It is difficult to fit Jaane Bhi Do Yaaro under a genre or confine it to the boundaries of a particular style of comedy. Though it is difficult to categorize it as an Art Film, it was unlike anything that the mainstream Bollywood could ever conceive. Satire, slapstick, absurd-ism, everything fits perfectly within the 132 minutes of this carefully orchestrated madness. However, for most of its part, this film is basically a political satire, and a ruthless one at that, something that is not very common in the Indian Cinema. Is it realistic? Hell No! Does it show reality? Oh Yes! It just defies any classification.


The Mahabharata Scene

With this film, Kundan Shah uses the extreme lightness of tone to depict the heaviest (and blackest) realities of India. As a result, even though it is one of the funniest films ever made in India, it is also one of the darkest, a mix of laughter and nihilistic fury which even the likes of Anurag Kashyap will have problems in recreating.

What makes Jaane Bhi Do Yaaro relevant in today’s India? Well, newly built bridges still collapse, scams still happen, the nexus between politicians and criminals has only become stronger, and the common man is still living off dreams. Between 1983 and 2014, not much has changed in India, just the enormity of the problems has grown many folds. And so a 30-year-old film shows the same mirror to the nation now which it did then.


End Scene

The climax of the film is something fables are made of, it is something which cannot be explained and which one cannot get tired of even after watching it 20 times. Set upon a stage dramatization of Mahabharata, it evokes uncontrollable bouts of laughter and is one of the high points of Indian Cinema, the very alchemy of humour.

Coming to the performances, the ensemble cast of the film reads like a roll call from the best film institute of India, and the illustrious alumni do not disappoint. These actors give a power-pack performance, making it a brilliant farce – one of the best ever made.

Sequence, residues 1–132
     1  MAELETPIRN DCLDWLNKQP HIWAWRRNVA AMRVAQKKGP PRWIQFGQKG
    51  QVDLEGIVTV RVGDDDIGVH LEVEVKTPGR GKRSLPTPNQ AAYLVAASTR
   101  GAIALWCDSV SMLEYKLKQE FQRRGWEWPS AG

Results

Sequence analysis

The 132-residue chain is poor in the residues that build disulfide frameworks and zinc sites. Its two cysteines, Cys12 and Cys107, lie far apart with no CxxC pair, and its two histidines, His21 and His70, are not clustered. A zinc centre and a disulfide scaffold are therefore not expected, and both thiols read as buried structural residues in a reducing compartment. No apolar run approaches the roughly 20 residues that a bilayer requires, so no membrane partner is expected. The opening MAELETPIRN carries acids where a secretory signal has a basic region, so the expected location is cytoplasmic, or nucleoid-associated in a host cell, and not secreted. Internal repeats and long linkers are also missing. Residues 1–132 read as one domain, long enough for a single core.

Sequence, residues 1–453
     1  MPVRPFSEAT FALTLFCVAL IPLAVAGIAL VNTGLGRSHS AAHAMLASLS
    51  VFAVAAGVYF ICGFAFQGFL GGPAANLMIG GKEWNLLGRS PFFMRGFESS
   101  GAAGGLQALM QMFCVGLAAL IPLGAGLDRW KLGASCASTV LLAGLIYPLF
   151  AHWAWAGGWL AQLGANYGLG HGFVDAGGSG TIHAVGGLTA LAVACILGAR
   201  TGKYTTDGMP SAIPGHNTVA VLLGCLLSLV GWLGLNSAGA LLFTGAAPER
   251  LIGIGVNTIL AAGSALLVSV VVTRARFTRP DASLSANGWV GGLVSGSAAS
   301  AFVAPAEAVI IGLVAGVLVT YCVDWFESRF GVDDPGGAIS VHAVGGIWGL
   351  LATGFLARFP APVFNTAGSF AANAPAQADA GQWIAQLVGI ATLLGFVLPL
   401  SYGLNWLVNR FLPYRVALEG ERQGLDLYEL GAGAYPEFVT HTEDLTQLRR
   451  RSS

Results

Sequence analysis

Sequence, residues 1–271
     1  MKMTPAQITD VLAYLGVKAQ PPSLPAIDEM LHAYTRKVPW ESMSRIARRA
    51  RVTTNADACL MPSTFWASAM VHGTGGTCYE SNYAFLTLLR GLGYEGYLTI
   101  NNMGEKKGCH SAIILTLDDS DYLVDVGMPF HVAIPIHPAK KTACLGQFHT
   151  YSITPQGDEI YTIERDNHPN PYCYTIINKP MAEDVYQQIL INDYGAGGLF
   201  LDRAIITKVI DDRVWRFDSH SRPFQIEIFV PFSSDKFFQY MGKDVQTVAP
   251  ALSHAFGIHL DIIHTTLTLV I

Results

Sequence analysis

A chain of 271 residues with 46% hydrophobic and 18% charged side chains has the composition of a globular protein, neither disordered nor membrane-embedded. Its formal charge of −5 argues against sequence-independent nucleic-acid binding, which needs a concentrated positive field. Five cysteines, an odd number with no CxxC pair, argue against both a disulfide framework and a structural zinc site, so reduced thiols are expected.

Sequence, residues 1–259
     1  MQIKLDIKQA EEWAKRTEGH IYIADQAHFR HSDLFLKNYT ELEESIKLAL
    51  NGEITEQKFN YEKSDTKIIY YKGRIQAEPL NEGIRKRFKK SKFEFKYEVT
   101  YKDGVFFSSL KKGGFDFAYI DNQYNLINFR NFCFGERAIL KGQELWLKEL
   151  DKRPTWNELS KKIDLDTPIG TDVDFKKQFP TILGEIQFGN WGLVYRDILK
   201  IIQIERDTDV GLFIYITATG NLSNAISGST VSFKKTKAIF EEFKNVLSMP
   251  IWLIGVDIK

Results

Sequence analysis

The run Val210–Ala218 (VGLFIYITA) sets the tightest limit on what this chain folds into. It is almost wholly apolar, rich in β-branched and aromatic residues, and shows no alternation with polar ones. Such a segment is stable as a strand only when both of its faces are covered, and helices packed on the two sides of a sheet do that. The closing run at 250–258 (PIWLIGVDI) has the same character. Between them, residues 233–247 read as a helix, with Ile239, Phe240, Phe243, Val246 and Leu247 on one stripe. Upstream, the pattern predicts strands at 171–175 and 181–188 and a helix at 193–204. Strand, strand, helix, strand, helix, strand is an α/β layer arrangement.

Awards and Recognition

  • Indira Gandhi Award for Best Film by a Director (1984)
  • Top 25 Must-See Bollywood Films – Indiatimes
  • India International Film Festival (2006)


  • The film was made on a shoestring budget of 7 lakh Rupees.
  • The story is supposedly based on Ravi Ojha and Rajendra Shaw, Shah’s colleagues from FTII, and ‘Cinema Commune’, who opened a Photo Studio.
  • The protagonists are named after Vidhu Vinod Chopra and Sudhir Mishra, both of who worked as Shah’s assistants in this film and went on to become acclaimed filmmakers themselves.
  • The film was inspired by a 1963 English Film, Blow-Up, directed by Michelangelo Antonioni. As a homage to the director, the park in which Tarneja murders D’Mello is named Antonioni Park.
  • The “Atyachari, Durachari, Bol Sorry” part of the Emotional Atyachar song in Dev D is a reference to Jaane Bhi Do Yaaro
  • The “Peene ka Paani Alag, Gutter Ka Paani Alag” dialogue has its roots in an incident where the residents in Shah’s apartment were forced to drink water mixed with sewage water because there was no cement to fix the broken pipes.